In the laser irradiation apparatus of the present invention, a non-linear optical element may be provided inside a resonator of the laser oscillator 101, or the non-linear optical element may be provided outside the resonator of the laser oscillator. The former structure has an advantage that the size of the apparatus becomes compact and that the accurate control of the resonator length is not necessary. The latter structure has an advantage that interaction of the fundamental wave and the harmonic can be ignored.

As the non-linear optical element 102, the crystal whose non-linear optical constant is relatively large such as KTP (KTiOPO4), BBO (β-BaB2O4), LBO (LiB3O5), CLBO (CsLiB6O10), GdYCOB (YCa4O(BO3)3), KDP (KD2PO4), KB5, LiNbO3, Ba2NaNb5O15, or the like is used. Particularly, the crystal such as LBO, BBO, KDP, KTP, KB5, CLBO, or the like can increase conversion efficiency from the fundamental wave into the harmonic.

A traveling direction of a laser beam emitted from the laser oscillator 101 is changed by a reflecting mirror 103 so as to be perpendicular to the irradiated object. In the case of using a general laser having the pulse width that is an order of nanosecond (10−9 second), the incidence angle is set in the range of 5 to 30 in order to prevent the interference due to secondary beam reflected on a rear surface of the substrate. However, according to the present invention, since the interference due to the secondary beam reflected on the rear surface of the substrate can be suppressed by using the laser beam having a pulse width of 10 ps or less in the laser irradiation, the laser beam can be made incident vertically to the substrate in the present embodiment. Since the laser beam can be made incident vertically into the irradiated object, the homogeneous laser irradiation can be performed while keeping the same intensity distribution even when the irradiated object is scanned back and forth. As a result, the homogeneous laser irradiation can be performed with high throughput. When semiconductor elements are manufactured using the irradiated object crystallized or annealed by the laser having homogeneous intensity distribution, the variation between the semiconductor elements can be reduced, and the product having the stable quality can be provided.

A beam spot of a laser beam whose traveling direction is changed is shaped by a cylindrical lens 104 and a cylindrical lens 111 and is irradiated to the irradiated object mounted on a stage 107. In FIG. 1, the semiconductor film 106 formed over a substrate 105 corresponds to the irradiated object, and the reflecting mirror 103, the cylindrical lens 104, and the cylindrical lens 111 correspond to the optical system for condensing the laser beam on the semiconductor film 106.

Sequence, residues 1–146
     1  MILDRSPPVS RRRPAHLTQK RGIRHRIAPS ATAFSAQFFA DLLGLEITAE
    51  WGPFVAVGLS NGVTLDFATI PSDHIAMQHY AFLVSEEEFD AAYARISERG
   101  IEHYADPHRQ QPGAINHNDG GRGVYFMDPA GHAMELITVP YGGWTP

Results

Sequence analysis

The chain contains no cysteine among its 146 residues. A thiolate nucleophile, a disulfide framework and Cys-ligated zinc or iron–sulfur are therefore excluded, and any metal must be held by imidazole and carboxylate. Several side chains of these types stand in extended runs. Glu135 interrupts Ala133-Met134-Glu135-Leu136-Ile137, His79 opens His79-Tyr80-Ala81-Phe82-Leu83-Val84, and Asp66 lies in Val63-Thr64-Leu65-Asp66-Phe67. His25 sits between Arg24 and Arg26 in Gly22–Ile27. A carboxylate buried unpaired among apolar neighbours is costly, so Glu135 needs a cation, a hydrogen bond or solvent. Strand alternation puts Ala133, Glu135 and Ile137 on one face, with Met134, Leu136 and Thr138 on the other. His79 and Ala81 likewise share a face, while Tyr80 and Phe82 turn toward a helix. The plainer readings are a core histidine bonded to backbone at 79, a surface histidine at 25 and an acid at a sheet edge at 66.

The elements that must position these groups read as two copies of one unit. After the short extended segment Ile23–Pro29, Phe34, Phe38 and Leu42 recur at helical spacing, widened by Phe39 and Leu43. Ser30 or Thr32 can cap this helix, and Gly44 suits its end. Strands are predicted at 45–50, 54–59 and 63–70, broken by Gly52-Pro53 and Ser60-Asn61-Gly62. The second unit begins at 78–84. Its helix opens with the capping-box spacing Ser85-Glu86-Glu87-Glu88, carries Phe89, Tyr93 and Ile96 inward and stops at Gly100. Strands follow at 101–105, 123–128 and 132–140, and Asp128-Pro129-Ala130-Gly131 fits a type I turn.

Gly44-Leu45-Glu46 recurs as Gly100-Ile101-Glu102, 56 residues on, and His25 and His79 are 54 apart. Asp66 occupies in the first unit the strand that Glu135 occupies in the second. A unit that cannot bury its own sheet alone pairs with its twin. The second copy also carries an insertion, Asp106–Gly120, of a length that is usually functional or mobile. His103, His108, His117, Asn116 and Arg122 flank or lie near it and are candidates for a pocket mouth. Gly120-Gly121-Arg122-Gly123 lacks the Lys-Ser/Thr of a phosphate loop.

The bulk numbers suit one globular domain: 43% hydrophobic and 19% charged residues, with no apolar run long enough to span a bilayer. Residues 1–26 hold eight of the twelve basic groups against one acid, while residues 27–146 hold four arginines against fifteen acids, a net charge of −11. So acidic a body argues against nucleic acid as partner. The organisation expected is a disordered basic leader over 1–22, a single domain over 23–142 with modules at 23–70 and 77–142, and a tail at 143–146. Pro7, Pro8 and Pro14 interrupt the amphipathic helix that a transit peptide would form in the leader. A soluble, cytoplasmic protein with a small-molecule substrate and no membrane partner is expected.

Although a practitioner can set the focal length of the two cylindrical lenses 104 and 111 appropriately, the focal lens of the cylindrical lens 111, which is closer to the irradiated object, is made shorter than that of the cylindrical lens 104. For example, the focal length of the cylindrical lens 111 is set to 20 mm, and the focal length of the cylindrical lens 104 is set to 150 mm. On this occasion, the distance between the cylindrical lens 111 and the irradiated object is set to 20 mm. When the distance between the cylindrical lens 111 and the irradiated object is set to approximately 100 mm, the beam spot can be shaped into a linear beam that is long in an X direction.

In the crystallization step of the semiconductor film using the laser, throughput can be raised by shaping the beam spot into an ellipse or a rectangle that is long in one direction and by scanning the beam spot in the direction of its minor axis. The laser beam is shaped into the elliptical because the original shape of the laser beam is circular or near circular. The laser beam whose original shape is rectangular may be also used after transforming the laser beam by expanding it in one direction through a cylindrical lens or the like so that its long side becomes longer. Moreover, a plurality of laser beam each of which is extended long in one direction and shaped into a long ellipse or rectangle may be chained in one direction to form a longer beam in order to raise the throughput further. In this embodiment, the linear beam having a length of 300 μm in a direction of its major axis and a length of 10 μm in a direction of its minor axis is formed.